Earlier this year, in April, Celldex Therapeutics reported that the randomized, Phase IIb METRIC Study of glembatumumab vedotin, also known as CDX-011, a targeted antibody-drug conjugate or ADC, compared to capecitabine (Xeloda®; Genentech/Roche) in patients with metastatic triple-negative breast cancers that overexpress gpNMB failed to meet its primary endpoint, progression-free survival (PFS) as assessed by an independent, central reading of patient scans. [1][2]

As a consequence, the company announced that, based on these results, the decision was made to discontinue the glembatumumab vedotin development program across all indications.

Schematic 1.0: The main purpose of the Phase II METRIC study was to see whether Glembatumumab Vedotin, an antibody-drug conjugate also known as CDX-011, is effective in treating patients who have advanced Triple-Negative Breast Cancer (TNBC), and whose tumor cells make a protein called glycoprotein NMB (gpNMB), which glembatumumab vedotin binds to. The study was also designed to further characterize the safety of CDX-011 treatment in this patient population.

Glembatumumab vedotin is a fully human monoclonal antibody-drug conjugate targeting glycoprotein NMB (gpNMB). This protein is overexpressed by multiple tumor types, including breast cancer, melanoma, lung cancer, uveal melanoma and osteosarcoma.

The gpNMB-targeting antibody, CR011, is linked to a potent cytotoxic, monomethyl auristatin E (MMAE), using Seattle Genetics’ proprietary technology. Glembatumumab vedotin is designed to be stable in the bloodstream but to release MMAE upon internalization into gpNMB-expressing tumor cells, resulting in a targeted cell-killing effect.

Advertisement #3 

Strategic prioritization
“Celldex has made considerable progress on an important strategic prioritization of our pipeline, following announcement in April of the METRIC study results in triple-negative breast cancer and discontinuation of the glembatumumab vedotin program across all indications,” commented Anthony Marucci, Co-founder, President and Chief Executive Officer of Celldex Therapeutics.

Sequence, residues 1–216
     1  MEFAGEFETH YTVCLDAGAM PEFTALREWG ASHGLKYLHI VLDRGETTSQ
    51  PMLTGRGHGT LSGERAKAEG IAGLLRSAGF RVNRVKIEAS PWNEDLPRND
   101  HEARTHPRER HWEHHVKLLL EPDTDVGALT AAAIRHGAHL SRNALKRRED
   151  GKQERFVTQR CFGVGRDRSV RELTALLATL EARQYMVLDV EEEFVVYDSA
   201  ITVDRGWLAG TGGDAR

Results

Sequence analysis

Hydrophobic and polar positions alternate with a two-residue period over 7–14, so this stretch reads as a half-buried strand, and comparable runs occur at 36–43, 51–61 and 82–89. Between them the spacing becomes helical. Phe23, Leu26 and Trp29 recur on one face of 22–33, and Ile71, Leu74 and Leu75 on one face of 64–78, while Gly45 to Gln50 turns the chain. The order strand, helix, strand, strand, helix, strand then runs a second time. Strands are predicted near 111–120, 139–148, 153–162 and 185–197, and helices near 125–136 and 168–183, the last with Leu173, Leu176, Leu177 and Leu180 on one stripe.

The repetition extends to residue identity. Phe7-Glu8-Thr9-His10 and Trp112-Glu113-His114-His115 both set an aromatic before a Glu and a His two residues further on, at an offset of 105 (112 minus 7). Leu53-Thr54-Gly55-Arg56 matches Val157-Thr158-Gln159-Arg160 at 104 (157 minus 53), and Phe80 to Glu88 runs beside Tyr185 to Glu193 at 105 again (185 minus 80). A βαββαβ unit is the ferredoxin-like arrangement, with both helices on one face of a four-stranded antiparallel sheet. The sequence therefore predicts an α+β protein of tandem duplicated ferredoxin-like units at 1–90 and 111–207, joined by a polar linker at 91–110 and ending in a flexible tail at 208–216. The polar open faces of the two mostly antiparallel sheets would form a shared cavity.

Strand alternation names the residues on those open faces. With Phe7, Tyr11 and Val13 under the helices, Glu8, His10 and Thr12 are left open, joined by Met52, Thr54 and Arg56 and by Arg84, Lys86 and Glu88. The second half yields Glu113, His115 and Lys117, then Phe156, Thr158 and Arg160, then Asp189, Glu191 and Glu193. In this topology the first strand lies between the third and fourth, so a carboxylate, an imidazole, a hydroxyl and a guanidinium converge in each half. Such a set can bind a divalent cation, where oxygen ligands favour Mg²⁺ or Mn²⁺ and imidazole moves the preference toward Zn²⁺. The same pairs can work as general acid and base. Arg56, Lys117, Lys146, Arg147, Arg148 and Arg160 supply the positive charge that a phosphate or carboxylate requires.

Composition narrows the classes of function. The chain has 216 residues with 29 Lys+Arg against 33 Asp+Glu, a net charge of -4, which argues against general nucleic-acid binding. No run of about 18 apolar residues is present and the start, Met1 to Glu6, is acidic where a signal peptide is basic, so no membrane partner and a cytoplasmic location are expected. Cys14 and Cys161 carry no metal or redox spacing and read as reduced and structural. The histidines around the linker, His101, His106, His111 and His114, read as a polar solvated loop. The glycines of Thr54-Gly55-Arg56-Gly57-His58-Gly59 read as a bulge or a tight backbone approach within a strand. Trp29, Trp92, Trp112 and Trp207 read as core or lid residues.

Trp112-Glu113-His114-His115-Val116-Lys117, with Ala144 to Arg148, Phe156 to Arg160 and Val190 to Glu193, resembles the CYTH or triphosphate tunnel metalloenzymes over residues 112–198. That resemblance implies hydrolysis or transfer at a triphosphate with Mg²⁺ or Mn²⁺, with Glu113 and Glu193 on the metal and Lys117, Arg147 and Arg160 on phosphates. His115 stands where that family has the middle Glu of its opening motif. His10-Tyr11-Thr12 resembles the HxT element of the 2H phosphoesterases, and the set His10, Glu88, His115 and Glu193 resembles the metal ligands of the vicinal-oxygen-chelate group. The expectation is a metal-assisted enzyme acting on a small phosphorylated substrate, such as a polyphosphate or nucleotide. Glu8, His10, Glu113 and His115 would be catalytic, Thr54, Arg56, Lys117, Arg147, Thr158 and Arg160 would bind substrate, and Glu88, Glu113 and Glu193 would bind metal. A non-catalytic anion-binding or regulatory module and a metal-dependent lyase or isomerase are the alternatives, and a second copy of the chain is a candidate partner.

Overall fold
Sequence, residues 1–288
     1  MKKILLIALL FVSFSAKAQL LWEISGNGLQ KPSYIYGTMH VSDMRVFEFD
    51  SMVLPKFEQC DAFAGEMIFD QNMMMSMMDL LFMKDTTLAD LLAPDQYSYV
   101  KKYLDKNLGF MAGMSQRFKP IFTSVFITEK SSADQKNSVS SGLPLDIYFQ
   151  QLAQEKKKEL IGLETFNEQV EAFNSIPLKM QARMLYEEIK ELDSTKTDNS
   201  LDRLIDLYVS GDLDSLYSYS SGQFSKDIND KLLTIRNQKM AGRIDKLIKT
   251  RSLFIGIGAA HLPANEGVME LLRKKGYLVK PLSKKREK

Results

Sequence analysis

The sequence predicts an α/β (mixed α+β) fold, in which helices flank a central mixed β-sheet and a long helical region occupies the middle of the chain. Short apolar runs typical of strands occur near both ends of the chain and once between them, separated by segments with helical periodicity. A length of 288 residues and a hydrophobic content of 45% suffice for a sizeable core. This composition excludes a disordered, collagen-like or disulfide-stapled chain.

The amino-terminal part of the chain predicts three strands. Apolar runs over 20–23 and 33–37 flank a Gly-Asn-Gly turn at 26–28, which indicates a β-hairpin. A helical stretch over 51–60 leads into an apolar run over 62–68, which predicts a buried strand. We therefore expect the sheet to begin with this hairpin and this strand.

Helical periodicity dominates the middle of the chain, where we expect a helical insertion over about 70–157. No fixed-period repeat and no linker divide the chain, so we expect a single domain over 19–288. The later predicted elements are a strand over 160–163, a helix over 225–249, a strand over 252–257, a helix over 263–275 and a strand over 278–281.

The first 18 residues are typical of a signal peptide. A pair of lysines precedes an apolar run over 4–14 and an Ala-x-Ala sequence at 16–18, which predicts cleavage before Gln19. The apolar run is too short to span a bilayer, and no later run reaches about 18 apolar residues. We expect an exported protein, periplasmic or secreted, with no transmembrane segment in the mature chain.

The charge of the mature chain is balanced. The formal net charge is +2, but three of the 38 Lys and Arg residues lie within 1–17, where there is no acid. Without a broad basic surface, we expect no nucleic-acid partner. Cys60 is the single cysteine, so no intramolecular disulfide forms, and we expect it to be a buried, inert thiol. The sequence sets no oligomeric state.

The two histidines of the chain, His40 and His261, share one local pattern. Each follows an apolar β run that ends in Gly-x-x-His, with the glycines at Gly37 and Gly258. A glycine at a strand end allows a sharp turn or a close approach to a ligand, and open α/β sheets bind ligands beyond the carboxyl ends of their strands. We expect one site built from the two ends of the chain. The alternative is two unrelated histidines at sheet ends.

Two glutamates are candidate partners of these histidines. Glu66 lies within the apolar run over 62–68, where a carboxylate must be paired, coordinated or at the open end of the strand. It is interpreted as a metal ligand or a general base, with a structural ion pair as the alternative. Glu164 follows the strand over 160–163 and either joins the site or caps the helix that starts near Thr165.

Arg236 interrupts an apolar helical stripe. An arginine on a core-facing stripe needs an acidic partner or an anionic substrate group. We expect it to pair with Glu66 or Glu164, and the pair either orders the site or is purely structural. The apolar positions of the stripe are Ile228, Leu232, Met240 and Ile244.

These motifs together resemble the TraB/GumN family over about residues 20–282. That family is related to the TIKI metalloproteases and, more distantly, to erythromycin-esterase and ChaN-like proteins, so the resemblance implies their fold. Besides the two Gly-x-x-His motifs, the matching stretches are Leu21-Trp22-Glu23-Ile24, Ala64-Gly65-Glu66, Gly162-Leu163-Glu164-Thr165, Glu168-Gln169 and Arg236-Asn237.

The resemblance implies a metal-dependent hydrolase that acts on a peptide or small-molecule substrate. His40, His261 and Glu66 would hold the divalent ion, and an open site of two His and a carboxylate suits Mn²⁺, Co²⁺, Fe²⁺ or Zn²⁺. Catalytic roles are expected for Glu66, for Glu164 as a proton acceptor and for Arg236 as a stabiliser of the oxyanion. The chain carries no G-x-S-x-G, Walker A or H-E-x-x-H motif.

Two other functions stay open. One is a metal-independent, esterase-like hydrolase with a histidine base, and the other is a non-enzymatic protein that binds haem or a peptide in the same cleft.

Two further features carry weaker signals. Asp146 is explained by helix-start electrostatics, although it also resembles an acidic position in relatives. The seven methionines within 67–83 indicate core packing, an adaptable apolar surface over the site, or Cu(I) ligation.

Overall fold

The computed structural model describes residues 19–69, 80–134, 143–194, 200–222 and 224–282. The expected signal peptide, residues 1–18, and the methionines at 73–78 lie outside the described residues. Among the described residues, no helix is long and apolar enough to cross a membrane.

Following the discontinuation of the glembatumumab vedotin development program, the company announced that it will also cancel the ongoing development of CDX-014.  This ADC, which targets TIM-1, is currently in early Phase I development in renal cell and clear cell ovarian carcinomas.[2]

The investigational agent is designed to target the extracellular domain of the T cell immunoglobulin mucin domain 1 (TIM-1),  a type I transmembrane protein that was originally described as kidney injury molecule 1 (KIM-1) due to its elevated expression in kidney and urine after renal injury.

NCT02837991 (Clinical Trial/ CDX-014)
Schematic 2.0: The NCT02837991 study was designed to determine the safety and effectiveness of CDX-014. The study enrolled patients with advanced or metastatic renal cell carcinoma and ovarian clear cell carcinoma. This study included a Dose-Escalation Phase followed by a Cohort Expansion Phase All patients enrolled in the study were closely monitored to determine if there is a response to the treatment as well as for any side effects that may occur.

In this agent, the anti-TIM-1 antibody covalently linked via via a valine-citrulline (vc) peptide linker, to a potent cytotoxin, monomethyl auristatin E (MMAE) using Seattle Genetics’ proprietary technology and designated as CDX-014.

In pre-clinical trials CDX-014 was shown to exhibit in vitro cytostatic or cytotoxic activity against a variety of TIM-1 expressing cell lines, but not on TIM-1 negative cell lines.[3]

The company is expected to focus clinical development on two company-sponsored programs—CDX-1140, a promising CD40 agonist, and CDX-3379, which blocks ErbB3, a receptor thought to play an important role in regulating cancer cell growth and survival.

“[The] development of varlilumab and CDX-301 will also continue externally through investigator-sponsored initiatives and internally through inclusion in combination studies,” Marucci added.

ADC-Development programs
With a number of other announcements made by various companies developing antibody-drug conjugates,  it is noteworthy to see that the majority of ADC-development programs being discontinued are in early phase I development (69%) and phase II (16%) development.[4]

While there there  is a relatively high number of ADC-development programs being cancelled, it is also noteworthy that there are nine new ADC-development programs that enter clinical trials this year.

Advertisement #4